Archive for the ‘botany’ Category

No. 11, Rhubarb, Ruibarbo blanco, Cedros [Jatropha podagrica Hooker, Euphorbiaceae], watercolor on paper by Charles Dorat (?1806–ca.1870), 30 × 23.5 cm, HI Art accession no. 5683.11.

Dr. Charles Dorat and His Unrealized Central American Medicinal Flora
Hunt Institute for Botanical Documentation
Pittsburgh, PA
April 2 – June 29, 2018

Charles Dorat (?1806-ca.1870) was a European physician and naturalist who lived in El Salvador and traveled in Honduras between 1850 and 1870. Acquainted with Central American medical professionals, government officials and companies interested in material medica, it is thought Dorat was hired by companies because of his knowledge of mining and economic plants.

While in Central America, Dorat pursued interests in nature and art, and by 1860 had painted 150 watercolors of useful plants. These paintings were supposed to be published as a flora of Central America, but Dorat appears to have died around 1870.

Learn more about Dr. Charles Dorat at Dr. Charles Dorat and His Unrealized Central American Medicinal Flora.

About The Hunt Institute

The Hunt Institute for Botanical Documentation, a research division of Carnegie Mellon University, specializes in the history of botany and all aspects of plant science and serves the international scientific community through research and documentation. To this end, the Institute acquires and maintains authoritative collections of books, plant images, manuscripts, portraits and data files, and provides publications and other modes of information service. The Institute meets the reference needs of botanists, biologists, historians, conservationists, librarians, bibliographers and the public at large, especially those concerned with any aspect of the North American flora.

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A new ten-week class has been added to Classes Near You > England!

Lewisham Arthouse, London

The Lewisham Arthouse once served as the central library of Deptford. Designed by architect Sir Alfred Brumwell Thomas (1868-1948) and funded by Andrew Carnegie (1835-1919), this former library is now a public gallery and studio space for professional artists. Artist studios are open to the public once per year. Exhibitions in the gallery are open to the public year-round, free of charge. Botanical illustration classes are taught by Alison Day.

    Drawing from Plant Life
    September 29 – December 8, 2014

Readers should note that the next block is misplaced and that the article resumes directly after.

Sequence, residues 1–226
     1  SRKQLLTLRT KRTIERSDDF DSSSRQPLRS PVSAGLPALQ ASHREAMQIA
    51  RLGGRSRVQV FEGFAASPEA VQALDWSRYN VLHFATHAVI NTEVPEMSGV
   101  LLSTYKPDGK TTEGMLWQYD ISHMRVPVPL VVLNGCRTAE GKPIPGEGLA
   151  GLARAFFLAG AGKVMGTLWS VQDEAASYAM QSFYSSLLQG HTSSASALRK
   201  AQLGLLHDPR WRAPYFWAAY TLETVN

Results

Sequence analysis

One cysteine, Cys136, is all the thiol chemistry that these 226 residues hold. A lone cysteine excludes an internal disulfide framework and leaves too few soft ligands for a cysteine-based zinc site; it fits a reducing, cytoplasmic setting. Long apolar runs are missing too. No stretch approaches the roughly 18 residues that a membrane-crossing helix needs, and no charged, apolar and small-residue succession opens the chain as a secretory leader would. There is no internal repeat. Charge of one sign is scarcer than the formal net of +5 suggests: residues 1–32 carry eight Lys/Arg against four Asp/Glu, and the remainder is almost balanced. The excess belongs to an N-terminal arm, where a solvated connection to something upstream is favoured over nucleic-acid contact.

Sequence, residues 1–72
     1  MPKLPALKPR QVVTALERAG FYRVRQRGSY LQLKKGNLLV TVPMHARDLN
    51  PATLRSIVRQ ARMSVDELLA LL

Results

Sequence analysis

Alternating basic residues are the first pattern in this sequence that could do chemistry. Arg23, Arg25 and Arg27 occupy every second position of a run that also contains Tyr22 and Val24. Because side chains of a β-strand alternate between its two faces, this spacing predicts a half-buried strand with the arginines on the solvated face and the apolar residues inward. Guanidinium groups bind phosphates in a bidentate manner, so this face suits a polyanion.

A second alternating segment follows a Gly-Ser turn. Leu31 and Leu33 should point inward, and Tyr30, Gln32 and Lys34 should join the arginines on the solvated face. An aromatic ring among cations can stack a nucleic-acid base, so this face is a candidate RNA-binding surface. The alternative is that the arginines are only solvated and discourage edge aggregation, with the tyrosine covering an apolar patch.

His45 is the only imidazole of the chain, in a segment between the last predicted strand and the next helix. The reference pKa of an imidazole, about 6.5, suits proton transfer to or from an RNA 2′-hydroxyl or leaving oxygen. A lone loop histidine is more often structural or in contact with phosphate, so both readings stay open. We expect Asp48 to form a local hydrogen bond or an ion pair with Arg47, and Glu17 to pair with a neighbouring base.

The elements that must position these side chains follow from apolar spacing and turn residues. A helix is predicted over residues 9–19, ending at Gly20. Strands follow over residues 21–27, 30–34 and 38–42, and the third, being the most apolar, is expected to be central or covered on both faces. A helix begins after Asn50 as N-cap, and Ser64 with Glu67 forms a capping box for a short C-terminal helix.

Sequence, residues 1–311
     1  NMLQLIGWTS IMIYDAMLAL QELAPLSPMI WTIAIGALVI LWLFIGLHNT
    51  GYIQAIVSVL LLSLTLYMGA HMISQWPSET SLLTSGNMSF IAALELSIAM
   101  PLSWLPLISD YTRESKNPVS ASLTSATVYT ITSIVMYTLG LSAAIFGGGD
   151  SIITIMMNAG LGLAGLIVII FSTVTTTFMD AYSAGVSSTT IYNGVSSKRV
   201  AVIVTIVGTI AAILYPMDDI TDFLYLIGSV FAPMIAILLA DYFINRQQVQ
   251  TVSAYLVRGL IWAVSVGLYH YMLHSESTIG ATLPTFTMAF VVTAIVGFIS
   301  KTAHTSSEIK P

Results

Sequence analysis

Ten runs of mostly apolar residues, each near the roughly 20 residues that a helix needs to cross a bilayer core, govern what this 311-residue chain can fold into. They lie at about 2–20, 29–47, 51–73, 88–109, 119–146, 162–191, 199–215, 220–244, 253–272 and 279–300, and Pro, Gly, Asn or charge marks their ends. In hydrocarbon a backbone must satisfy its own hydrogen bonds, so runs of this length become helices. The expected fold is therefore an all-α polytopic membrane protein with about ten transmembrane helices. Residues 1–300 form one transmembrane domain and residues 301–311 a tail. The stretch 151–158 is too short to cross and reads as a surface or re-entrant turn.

Mondays, 1:00 – 2:30 PM

    This introductory ten-week course aims to provide an opportunity to explore the art and science of botanical Illustration. Students will have the opportunity to explore both drawing and painting plants while learning a range of graphic techniques used to represent plant material. Some basic theory is taught and, where relevant, historical and contemporary practice is referenced. The course is taught by a practicing artist who has a background in the science of botany and the practice of fine art.

    Students are asked to bring their own ideas and specimens to the course as well as drawing plants provided. Basic materials are provided, together with reference literature, students must provide their own sketch book pencils and colors. All are welcome, no experience needed. This is a small class and provides and supportive and relaxed environment in which to draw. Places are limited so booking is required.

    Cost: £95/90 concessions

    To register, contact Alison Day at Lewisham Arthouse.

    Transport :
    BR/Overground New Cross/New Cross Gate
    Bus 136, 21, 436, 321
    Disabled access

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I love history and am especially interested in people who take it upon themselves to teach others about plants. The self-initiated projects launched by these individuals are inspiring. They also are good stories to share with students.

Today I would like to introduce you to the herbarium by Hendrik Elingsz van Rijgersma (1835-1877), a Dutch physician who worked for the Dutch government on St. Martin in the Netherlands Antilles.